Is Balagopal right in claiming Chandy left welfare pensions unpaid for 18 months?

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Thiruvananthapuram: There were two narratives that the LDF, by constant repetition, fashioned into political truths. One is the Oommen Chandy government’s incompetence in disbursing welfare pensions; it is said that when Chandy left office in 2016, his government had not paid welfare pensions for 18 months. The other is that the Pinarayi government has nearly doubled the number of welfare beneficiaries, from 34 lakh in Chandy’s time to 62 lakh now.

Both these carefully cultivated campaigns lost a bit of sheen in the Assembly on Thursday. It was Finance Minister K N Balagopal who first referred to the UDF’s 18-month delay. He was responding to the adjournment motion moved by Congress MLA P C Vishnunath on the delay made by the LDF government in the payment of social welfare pensions.

The finance minister was essentially telling the UDF benches not to adopt a holier-than-thou attitude. “When the first Pinarayi ministry assumed power, it was burdened with the pension arrears of 18 months,” he said.

Vishnunath pounced on this statement right at the start of his speech. “The minister has once again repeated the patent lie of the 18-month pension arrears,” he said. Vishnunath then held up the White Paper brought out by Balagopal’s predecessor Thomas Isaac in 2016. “In this document, placed in this very Assembly, it states that the liabilities were below Rs 1,000 crore, which means there was a delay of just three months,” Vishnunath said. “Doesn’t a former finance minister’s document, that too of your own party, hold any value,” he asked.

Balagopal admitted that Isaac’s White Paper had indeed said so. “But a more authentic document, a reply given on the floor of the Assembly, tells a different story,” the minister said. He was referring to the reply in the Assembly on July 2, 2015, given by then social welfare minister M K Muneer to CPM MLA Raju Abraham. “This reply states that many of the pensions – old age, handicapped, widow and farm worker – were pending for 8 to 10 months,” the minister said. “That UDF government continued in power for another 10 months,” he said, explaining the logic behind the number 18.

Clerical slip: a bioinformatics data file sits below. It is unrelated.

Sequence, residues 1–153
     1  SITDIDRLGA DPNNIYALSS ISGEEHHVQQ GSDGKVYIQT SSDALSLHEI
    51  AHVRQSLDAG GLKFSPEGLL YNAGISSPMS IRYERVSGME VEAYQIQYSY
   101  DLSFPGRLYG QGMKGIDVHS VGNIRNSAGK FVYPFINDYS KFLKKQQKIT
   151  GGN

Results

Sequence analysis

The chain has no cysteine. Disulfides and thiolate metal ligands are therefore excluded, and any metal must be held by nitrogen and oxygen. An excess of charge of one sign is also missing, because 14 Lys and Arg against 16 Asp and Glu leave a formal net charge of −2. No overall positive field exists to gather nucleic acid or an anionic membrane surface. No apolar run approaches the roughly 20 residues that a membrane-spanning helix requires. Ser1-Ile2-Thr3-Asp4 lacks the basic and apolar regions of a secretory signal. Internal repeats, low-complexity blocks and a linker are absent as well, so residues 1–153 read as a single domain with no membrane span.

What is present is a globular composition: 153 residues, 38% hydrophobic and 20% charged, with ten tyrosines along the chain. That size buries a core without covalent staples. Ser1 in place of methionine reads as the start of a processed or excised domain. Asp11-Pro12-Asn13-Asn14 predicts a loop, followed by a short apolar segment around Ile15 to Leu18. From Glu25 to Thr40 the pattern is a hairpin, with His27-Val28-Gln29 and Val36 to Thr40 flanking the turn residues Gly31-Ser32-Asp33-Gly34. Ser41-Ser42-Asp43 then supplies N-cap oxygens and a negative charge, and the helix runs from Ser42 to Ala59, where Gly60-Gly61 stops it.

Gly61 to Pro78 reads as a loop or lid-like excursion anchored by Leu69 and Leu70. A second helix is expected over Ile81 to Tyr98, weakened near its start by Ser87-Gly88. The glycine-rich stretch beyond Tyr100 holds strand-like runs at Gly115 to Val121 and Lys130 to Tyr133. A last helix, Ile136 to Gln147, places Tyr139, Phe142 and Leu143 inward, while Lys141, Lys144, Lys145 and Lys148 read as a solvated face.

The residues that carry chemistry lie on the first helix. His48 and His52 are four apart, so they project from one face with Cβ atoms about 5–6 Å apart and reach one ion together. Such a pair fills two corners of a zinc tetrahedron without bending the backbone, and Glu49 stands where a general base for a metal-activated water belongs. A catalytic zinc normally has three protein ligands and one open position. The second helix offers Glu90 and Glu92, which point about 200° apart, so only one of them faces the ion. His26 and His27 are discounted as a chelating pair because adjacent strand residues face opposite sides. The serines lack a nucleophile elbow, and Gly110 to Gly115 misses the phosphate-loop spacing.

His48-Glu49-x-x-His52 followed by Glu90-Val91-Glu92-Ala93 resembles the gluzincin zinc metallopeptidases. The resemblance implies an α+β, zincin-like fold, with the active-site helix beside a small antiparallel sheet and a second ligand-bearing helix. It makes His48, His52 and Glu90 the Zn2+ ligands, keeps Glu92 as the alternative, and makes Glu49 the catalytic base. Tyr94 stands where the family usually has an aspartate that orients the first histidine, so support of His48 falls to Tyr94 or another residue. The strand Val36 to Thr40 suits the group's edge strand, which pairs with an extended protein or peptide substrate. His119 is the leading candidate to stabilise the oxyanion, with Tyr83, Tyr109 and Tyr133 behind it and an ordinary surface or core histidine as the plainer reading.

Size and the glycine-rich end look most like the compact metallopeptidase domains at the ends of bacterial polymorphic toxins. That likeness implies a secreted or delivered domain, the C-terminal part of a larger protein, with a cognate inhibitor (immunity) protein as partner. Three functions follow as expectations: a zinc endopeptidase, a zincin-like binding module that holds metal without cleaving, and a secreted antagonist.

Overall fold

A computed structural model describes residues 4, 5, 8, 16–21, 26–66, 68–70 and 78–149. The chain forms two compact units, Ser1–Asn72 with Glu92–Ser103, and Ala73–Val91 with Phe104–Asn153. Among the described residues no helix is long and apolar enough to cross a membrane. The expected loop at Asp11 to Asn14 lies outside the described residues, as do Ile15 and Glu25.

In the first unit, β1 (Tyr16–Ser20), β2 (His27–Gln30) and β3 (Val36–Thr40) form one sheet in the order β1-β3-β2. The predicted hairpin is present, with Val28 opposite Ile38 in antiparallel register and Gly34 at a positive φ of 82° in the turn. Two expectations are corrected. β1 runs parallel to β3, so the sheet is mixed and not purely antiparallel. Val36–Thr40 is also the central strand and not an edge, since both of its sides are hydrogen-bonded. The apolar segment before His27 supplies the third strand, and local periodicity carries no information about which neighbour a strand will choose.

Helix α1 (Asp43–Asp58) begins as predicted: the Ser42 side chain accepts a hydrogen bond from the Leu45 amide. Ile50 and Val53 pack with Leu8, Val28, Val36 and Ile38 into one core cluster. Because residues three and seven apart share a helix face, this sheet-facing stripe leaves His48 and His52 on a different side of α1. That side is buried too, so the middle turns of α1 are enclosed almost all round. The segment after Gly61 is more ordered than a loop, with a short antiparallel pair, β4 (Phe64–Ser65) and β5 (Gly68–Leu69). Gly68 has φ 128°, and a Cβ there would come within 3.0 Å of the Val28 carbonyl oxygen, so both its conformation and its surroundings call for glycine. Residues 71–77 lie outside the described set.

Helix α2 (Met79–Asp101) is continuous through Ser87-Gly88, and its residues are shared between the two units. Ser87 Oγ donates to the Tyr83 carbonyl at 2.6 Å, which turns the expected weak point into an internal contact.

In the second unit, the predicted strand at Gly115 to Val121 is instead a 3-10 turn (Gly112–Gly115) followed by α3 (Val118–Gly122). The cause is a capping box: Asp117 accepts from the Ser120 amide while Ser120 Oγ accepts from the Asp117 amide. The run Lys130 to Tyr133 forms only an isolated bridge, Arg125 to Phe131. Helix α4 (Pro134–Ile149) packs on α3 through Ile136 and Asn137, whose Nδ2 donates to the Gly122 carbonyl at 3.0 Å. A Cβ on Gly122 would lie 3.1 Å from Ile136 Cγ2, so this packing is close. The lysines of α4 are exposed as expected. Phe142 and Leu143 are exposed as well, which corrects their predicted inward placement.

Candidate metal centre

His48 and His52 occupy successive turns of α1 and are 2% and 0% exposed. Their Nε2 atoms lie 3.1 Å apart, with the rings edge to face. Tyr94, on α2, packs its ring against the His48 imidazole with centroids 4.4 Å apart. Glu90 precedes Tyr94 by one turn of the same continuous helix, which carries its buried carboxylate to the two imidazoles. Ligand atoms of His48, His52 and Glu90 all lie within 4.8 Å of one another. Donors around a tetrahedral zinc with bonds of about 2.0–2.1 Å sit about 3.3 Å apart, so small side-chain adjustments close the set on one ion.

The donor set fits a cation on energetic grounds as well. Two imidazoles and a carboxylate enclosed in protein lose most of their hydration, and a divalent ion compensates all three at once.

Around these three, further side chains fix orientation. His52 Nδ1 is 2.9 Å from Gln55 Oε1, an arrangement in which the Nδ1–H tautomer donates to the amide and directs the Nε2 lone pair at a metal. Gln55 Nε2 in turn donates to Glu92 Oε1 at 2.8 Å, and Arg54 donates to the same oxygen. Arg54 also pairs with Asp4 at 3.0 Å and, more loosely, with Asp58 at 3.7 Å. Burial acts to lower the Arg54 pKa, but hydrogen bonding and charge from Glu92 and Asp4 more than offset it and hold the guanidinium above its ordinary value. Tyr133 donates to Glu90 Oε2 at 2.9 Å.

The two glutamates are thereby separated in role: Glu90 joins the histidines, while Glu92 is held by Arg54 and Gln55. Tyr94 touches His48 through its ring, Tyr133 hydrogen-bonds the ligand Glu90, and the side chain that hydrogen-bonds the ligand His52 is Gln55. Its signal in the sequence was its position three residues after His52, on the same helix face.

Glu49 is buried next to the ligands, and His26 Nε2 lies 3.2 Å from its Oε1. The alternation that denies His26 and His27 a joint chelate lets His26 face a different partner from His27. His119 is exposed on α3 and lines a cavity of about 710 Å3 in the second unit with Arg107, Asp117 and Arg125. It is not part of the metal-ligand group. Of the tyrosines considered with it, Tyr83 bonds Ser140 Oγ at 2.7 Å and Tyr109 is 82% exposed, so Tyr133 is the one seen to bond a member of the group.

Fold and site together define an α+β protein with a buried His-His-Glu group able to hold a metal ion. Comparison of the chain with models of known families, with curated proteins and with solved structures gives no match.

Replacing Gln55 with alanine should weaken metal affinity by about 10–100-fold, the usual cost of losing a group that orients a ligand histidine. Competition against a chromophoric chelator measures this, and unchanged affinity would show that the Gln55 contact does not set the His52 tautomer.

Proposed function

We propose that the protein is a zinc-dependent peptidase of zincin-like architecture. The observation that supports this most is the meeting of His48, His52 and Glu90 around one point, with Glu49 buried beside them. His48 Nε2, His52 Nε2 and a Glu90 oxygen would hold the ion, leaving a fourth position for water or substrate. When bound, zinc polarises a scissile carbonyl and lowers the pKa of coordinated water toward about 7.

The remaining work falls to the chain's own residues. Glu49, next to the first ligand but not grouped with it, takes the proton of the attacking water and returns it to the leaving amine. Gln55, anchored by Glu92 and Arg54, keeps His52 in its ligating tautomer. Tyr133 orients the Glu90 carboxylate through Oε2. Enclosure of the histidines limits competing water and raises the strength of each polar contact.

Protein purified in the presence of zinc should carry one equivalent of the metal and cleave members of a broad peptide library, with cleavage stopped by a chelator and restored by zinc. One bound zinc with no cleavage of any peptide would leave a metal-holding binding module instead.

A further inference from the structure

Muneer was present in the Assembly and he promptly objected. He said the situation had changed after he had given the reply in the Assembly. “There was another reply given in 2017, by the then minister K T Jaleel. Like Isaac’s White Paper, it says the arrears were only for three months,” Muneer said. “And you know why pensions were delayed in the last three months? At that time the DBT (direct benefit transfer) system was introduced and the government had opened accounts in various banks. The operation was handed over to the Postal Department, which could not implement it for two months,” he said.

Balagopal did not contradict this. He only asked why large amounts ranging from Rs 20,000 to Rs 30,000 had to be paid to pensioners when the first Pinarayi ministry took over. “I myself know of a retired couple in Kollam who together received Rs 78,000 as pension just after the first Pinarayi ministry came to office. What made the government pay such amounts if the UDF had not piled up dues,” he said.

Opposition leader V D Satheesan, too, referred to Isaac’s White Paper. “But if you are still not convinced, there was another reply given by Thomas Isaac in the Assembly in 2017,” he said, referring to the then finance minister’s reply to CPM MLA M Swaraj. “In this reply also he clearly states that the pensions were left unpaid only for three months before the LDF came to power, from 2014 November to 2015 January. What’s more, Isaac also cited the technical difficulties that cropped up in the transition to the DBT system as the reason for the delay of three months,” he said, and added: “When this is what your own finance minister said in the Assembly how can you now claim that the Oommen Chandy government had accumulated arrears of 18 months.”

The other claim made by Balagopal was that the LDF government doubled the number of welfare beneficiaries. Both Satheesan and Vishnunath contested this, though both conceded that the number of pensioners had increased. Their argument was that the LDF government had limited the pensions to one. A widow who had enjoyed both the widow welfare fund pension and the government’s social security pension during Chandy’s rule was now deprived of one of them.

Balagopal, however, insisted that it was not the case. “Which pension has the government cut,” he asked. He cited a government order issued by his predecessor Thomas Isaac and said that it clearly stated that individuals who had received welfare board pensions would continue to receive them. And this is given along with the social security pension,” the finance minister said.

“How can you say that,” Satheesan shot back. He then read out Isaac’s 2019 order that Balagopal had referred to. “Now that social security and welfare board pensions have been doubled, a new applicant can enjoy only one pension, either social security or welfare board. Since an individual is entitled to only one pension, once a beneficiary receives a welfare board pension the person’s social security pension would stand suspended.” After reading out the order, Satheesan asked: “How can you come to the Assembly and speak against a government order.”

It was only a vague reply that Balagopal could muster. “In practice, two pensions are still being paid,” he said, virtually conceding that an order limiting the number of pensions to one existed.



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